Former student allegedly faked hate crime at Wisconsin university

Former student allegedly faked hate crime at Wisconsin university
Viterbo University
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A former student of Viterbo University in La Crosse, Wisconsin, who set a fire in a resident hall as part of a hate crime hoax has been charged with a misdemeanor count of negligent handling of burning materials. Police say that she set a fire in her dorm for “attention purposes.”

Victoria Unanka faces a maximum penalty of a $10,000 fine, nine months in prison, or both, if convicted. Unanka entered a plea of not guilty at a court hearing on Wednesday, La Crosse Tribune reported.

Police arrested her on charges of arson and negligent handling of burning materials, but the La Crosse County District Attorney Tim Gruenke said that he did not see arson in the case due to her apparent motive.

“Arson is for burning a structure, this looks more like a dangerous situation to get attention [by] setting fire to a garbage can,” he told the College Fix.

Gruenke provided a copy of the criminal complaint to the publication, which says Unanka admitted to police that she set the fire. The complaint also notes that security footage showed her in the area at the time of the incident.

On the night of April 18, Unanka reportedly texted a friend to say that a small fire had been set in her dorm, insisting that she must have been targeted because it began next to her room. Unanka previously claimed to be the victim of a hate crime.

Viterbo president Glena Temple said that even after she was arrested for setting the fire, the university was still in the process of investigating her early claim of victimhood.

“This is a complex situation that involves a series of concerning incidents,” Temple said, according to the La Crosse Tribune. “We continue to investigate the incidents earlier in the semester and any potential link between them and this fire.”

The fire department was able to extinguish the fire with a fire extinguisher, but said that there was a “fair amount” of smoke damage and the hall needed to be ventilated. The department also reported damage to the carpet and wall surrounding the garbage fire. The fire was small enough that it did not trigger the hall’s sprinkler system.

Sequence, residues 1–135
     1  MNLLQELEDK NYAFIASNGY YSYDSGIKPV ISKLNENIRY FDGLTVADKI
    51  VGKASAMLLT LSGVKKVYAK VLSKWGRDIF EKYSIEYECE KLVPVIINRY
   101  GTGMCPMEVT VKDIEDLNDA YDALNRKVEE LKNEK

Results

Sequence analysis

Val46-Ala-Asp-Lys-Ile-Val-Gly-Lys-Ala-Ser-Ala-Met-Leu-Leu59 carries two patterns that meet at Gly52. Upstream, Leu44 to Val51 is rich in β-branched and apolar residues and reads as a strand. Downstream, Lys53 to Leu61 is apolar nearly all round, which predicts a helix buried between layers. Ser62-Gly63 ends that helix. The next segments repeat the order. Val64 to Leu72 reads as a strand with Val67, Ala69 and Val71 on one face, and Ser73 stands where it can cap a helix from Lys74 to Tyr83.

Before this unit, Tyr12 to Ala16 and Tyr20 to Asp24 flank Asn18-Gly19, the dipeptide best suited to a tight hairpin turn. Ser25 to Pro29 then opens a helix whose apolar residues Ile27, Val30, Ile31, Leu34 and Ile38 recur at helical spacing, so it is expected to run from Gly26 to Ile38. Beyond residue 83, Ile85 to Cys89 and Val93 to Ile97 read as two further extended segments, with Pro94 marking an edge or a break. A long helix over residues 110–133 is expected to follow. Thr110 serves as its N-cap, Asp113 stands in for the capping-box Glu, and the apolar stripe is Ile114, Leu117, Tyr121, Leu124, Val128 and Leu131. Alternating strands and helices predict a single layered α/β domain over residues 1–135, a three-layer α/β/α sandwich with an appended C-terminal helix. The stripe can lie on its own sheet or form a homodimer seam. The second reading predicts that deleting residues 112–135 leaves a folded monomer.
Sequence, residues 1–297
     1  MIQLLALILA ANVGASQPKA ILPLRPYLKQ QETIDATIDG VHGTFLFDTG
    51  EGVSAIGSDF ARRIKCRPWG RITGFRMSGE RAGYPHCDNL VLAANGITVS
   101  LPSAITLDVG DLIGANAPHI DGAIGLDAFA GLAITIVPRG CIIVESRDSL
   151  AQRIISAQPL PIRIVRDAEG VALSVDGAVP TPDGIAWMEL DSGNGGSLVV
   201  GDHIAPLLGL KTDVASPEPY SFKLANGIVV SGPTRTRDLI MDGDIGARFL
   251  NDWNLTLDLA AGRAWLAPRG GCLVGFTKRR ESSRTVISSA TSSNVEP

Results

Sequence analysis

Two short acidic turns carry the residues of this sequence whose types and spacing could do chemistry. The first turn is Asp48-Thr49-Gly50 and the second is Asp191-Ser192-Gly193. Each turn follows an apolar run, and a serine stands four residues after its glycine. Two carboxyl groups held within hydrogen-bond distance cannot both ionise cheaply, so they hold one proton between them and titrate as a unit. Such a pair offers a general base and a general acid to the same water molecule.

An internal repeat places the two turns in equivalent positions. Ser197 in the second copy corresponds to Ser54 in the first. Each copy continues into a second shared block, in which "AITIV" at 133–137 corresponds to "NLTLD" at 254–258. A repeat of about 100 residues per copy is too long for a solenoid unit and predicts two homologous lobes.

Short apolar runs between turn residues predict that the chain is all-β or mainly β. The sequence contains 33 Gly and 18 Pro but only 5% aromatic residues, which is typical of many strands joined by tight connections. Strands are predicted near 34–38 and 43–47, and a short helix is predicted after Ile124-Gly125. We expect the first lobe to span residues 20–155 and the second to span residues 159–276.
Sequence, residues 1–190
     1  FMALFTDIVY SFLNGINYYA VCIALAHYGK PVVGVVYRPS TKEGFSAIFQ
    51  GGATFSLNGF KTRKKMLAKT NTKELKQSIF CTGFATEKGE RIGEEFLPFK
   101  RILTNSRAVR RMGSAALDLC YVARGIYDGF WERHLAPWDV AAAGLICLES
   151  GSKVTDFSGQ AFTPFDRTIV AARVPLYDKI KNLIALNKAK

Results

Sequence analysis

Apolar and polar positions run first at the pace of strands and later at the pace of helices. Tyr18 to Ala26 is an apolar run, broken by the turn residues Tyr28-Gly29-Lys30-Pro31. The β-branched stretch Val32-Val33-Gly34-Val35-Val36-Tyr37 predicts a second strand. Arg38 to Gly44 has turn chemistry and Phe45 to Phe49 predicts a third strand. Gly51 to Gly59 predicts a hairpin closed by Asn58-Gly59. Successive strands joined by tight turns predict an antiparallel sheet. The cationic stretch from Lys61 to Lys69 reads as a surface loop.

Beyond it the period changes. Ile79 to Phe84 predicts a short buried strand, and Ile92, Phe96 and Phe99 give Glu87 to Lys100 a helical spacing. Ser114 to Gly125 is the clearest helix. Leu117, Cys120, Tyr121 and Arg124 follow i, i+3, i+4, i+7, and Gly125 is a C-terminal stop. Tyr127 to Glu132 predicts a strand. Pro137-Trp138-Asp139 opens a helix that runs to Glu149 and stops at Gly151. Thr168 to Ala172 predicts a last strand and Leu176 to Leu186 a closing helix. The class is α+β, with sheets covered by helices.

Police were able to identify Unanka as the suspect who started the fire because the story she told police did not line up with what had happened.

Unanka allegedly told police that she was with her friends at the night of the fire and only returned home around midnight, at which time she did not leave the residence hall before returning to her room. She told police she didn’t see anything suspicious prior to the fire. Once the alarm went off, she said she and a friend knocked on doors to get other students out of the building.

However, a review of the security footage noted inconsistencies with Unanka’s claims. Notably, it showed her leaving her room two hours past midnight and checking to see if others were around. After five minutes, Unanka entered the lounge and a bathroom before returning to her room. Within minutes, smoke could be seen on the camera, at which point Unanka knocked on residents’ doors and pulled the fire alarm.

A resident advisor told police that Unanka texted a friend to say that the fire was another hate crime against her.

Police confronted Unanka with the inconsistencies in her story, prompting her to change her testimony. She admitted that she set the fire, stating that she had changed her mind after setting it and attempted to clean the smoking remnants of old food on the stove. She said paper towels she used caught fire and she tried to shake them out to extinguish the flames, at which point she threw them in the garbage can.

Unanka told police that she was frustrated “no one was listening to me anymore” after making previous claims about hate crimes.

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  • By Ezra Levant

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